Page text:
$14K in lighting upgrades make happy tenants
Clean Energy Economy News
When Mark Spidell bought the two commercial office buildings at 1614 and 1620 Grand Ave. in Glenwood Springs, he knew he was “inheriting a project.”
All sorts of upgrades were needed. This month, a contractor is replacing shingles on the exterior of the two buildings.
Indoors, a series of lighting upgrades over the past two years in the ground floor and basement office spaces have delivered high quality lighting to tenants — and kept their electric bills in check.
Sleek new LED ceiling light fixtures cast an even, warm light in the offices with none of the flickering, buzzing or odd coloration of the old fluorescent lighting, while using a small fraction of the electricity.
Within weeks of buying the property in 2013 through his business, Zendt Properties, Spidell was on a ladder changing exterior lights and installing a few high-efficiency fluorescent fixtures.
Then he started working with CLEER Energy Consultant Shelley Kaup to develop an overall plan for energy upgrades at the two buildings. CLEER works with Glenwood Springs Electric and Garfield Clean Energy to help businesses make smart decisions about energy efficiency upgrades and to maximize efficiency and available rebates.
Glenwood Springs Electric offers rebates through its Sustainability Program to encourage energy efficiency and reduce electric demand. This helps the municipal utility’s budget and helps the city reach its climate and energy goals. Garfield Clean Energy works countywide to increase energy efficiency and create a more resilient economy.
Kaup said lighting upgrades are the most popular energy efficiency upgrade for commercial property owners. New lighting definitely made sense for Zendt Properties, she said.
“Lighting was the obvious thing, also roof insulation,” Spidell said. “Shelley was very helpful in pointing me in the right direction. I would show her my ideas and she would give me better examples of what I was looking for.”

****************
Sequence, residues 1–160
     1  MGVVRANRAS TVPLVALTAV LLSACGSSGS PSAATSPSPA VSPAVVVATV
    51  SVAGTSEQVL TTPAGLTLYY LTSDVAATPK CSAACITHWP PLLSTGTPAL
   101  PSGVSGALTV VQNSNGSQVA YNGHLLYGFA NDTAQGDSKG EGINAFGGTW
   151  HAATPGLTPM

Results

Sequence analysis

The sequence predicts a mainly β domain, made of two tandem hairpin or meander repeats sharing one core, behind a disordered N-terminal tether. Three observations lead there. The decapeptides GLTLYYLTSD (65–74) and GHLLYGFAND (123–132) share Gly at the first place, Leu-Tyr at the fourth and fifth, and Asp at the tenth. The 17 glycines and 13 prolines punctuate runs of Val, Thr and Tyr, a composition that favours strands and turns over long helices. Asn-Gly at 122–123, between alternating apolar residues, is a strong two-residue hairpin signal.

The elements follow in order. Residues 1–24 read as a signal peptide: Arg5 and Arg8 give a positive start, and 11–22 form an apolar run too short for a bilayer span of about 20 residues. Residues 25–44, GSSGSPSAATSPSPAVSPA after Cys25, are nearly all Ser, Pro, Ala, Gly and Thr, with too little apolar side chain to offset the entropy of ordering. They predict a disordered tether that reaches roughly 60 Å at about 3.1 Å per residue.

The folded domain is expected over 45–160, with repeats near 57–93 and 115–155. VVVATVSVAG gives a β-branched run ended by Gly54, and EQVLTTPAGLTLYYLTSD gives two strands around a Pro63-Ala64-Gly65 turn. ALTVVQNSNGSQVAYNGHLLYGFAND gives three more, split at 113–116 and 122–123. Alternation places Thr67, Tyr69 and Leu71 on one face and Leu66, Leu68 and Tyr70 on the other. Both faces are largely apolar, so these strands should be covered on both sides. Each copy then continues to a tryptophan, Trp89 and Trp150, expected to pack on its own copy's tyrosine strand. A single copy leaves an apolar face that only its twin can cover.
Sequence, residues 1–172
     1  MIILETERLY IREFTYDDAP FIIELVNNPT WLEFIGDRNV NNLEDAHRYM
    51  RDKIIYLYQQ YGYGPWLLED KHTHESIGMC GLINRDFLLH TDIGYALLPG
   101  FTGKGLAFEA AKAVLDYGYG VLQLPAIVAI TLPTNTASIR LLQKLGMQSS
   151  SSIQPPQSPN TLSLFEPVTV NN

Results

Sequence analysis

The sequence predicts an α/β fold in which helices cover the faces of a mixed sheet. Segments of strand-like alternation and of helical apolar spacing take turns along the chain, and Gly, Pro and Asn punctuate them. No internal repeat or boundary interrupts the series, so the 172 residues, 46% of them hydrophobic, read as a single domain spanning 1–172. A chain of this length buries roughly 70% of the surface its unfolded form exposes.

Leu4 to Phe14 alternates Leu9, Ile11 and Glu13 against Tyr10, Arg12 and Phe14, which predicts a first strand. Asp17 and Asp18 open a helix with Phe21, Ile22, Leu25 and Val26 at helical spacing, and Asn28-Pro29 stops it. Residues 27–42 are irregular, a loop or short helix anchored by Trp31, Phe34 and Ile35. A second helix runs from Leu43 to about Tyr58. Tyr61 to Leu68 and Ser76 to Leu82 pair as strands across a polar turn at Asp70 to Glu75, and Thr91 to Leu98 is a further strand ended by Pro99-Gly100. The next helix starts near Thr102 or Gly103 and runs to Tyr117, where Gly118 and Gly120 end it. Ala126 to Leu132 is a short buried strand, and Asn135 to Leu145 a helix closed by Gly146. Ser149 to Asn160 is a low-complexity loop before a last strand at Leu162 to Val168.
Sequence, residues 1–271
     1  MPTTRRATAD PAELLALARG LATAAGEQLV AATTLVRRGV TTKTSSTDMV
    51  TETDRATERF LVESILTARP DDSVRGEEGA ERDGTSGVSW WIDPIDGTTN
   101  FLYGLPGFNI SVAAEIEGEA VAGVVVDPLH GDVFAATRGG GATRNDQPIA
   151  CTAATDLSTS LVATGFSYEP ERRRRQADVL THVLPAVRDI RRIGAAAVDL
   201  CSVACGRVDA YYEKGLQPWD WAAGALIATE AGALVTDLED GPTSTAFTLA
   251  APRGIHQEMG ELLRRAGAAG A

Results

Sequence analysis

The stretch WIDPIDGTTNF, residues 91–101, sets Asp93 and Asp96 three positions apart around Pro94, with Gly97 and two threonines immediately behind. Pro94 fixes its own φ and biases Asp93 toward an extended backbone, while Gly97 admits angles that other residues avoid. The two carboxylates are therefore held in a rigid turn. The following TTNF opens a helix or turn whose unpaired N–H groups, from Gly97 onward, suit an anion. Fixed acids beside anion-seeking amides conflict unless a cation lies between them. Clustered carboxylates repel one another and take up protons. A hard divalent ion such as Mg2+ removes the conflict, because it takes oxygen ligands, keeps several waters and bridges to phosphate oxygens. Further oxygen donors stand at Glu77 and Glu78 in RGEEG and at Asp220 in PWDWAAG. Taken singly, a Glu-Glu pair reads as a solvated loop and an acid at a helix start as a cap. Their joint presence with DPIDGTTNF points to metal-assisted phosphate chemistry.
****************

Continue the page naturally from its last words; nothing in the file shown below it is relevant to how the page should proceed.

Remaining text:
Spidell and his contractor, Jeremiah Hughes of Backcountry Electric, worked on four major lighting upgrades in the two buildings in 2014 and 2015.
“It’s like a whole new world here,” said Jeff Leonard, the State Farm agent whose office fronts Grand Avenue in the 1620 building. “We love our lights.”
Upgrading the lighting was Spidell’s idea, Leonard said, and the State Farm office was one of three tenants to share in the costs. Title Co. of the Rockies and Coldwell Banker Mason Morse also shared in their upgrade costs, since they pay their own electric bills.
Other tenants in the buildings have their utility costs included in the rent, so it was even more in Spidell’s interest to upgrade their lighting.
One of these is Northwestern Colorado Youth for Christ, which occupies the basement office in the 1614 building.
“My office was a dungeon,” said Rosa Collier, the office manager.
Backcountry Electric replaced 13 ceiling fixtures in the basement office with LEDs. Now there is no flickering, and no need to replace burned-out light bulbs, Collier said.
“It’s a lot easier on my eyes,” she added.
The old fluorescent lights in the YFC office also sent a lot of heat into the office of Endodontist Roger Brown, directly overhead.
“The office lights gave off so much heat,” Spidell recalled, “Dr. Brown had the air conditioning on one day in December.”
The new LEDs, both downstairs and in Brown’s office, give off very little heat, helping moderate the temperature in both offices.
Lorrie Brown, office manager for her husband, said the new LED lighting in their dentistry clinic doesn’t flicker or buzz, and makes for a calm environment.
For the four lighting projects, Zendt Properties invested approximately $14,000. Based on the strong energy savings of the improvements, Spidell secured rebates from Glenwood Springs Electric and CORE to buy down approximately 50 percent of the project investment.
Kaup estimated that the combined annual savings for the new lighting would be about $3,000 annually, a savings shared by Spidell and his tenants. With the rebates, the project payback is less than three years.
Spidell has more projects on his list to improve the durability, efficiency and looks of the two buildings.
“Before I do anything new, I run it by Shelley first,” Spidell noted. “I have encouraged other people to reach out to her, people who are tenants or owners. It’s worth doing.”
Later this year, Spidell plans to upgrade the roofing on the 1620 building, improving the insulation and using a white roofing material that will reflect hot summer sunlight and keep the building cooler.
“I’m committed to making my small part of Glenwood Springs better,” Spidell said. “If I can be a good landlord, that’s meaningful for me.”
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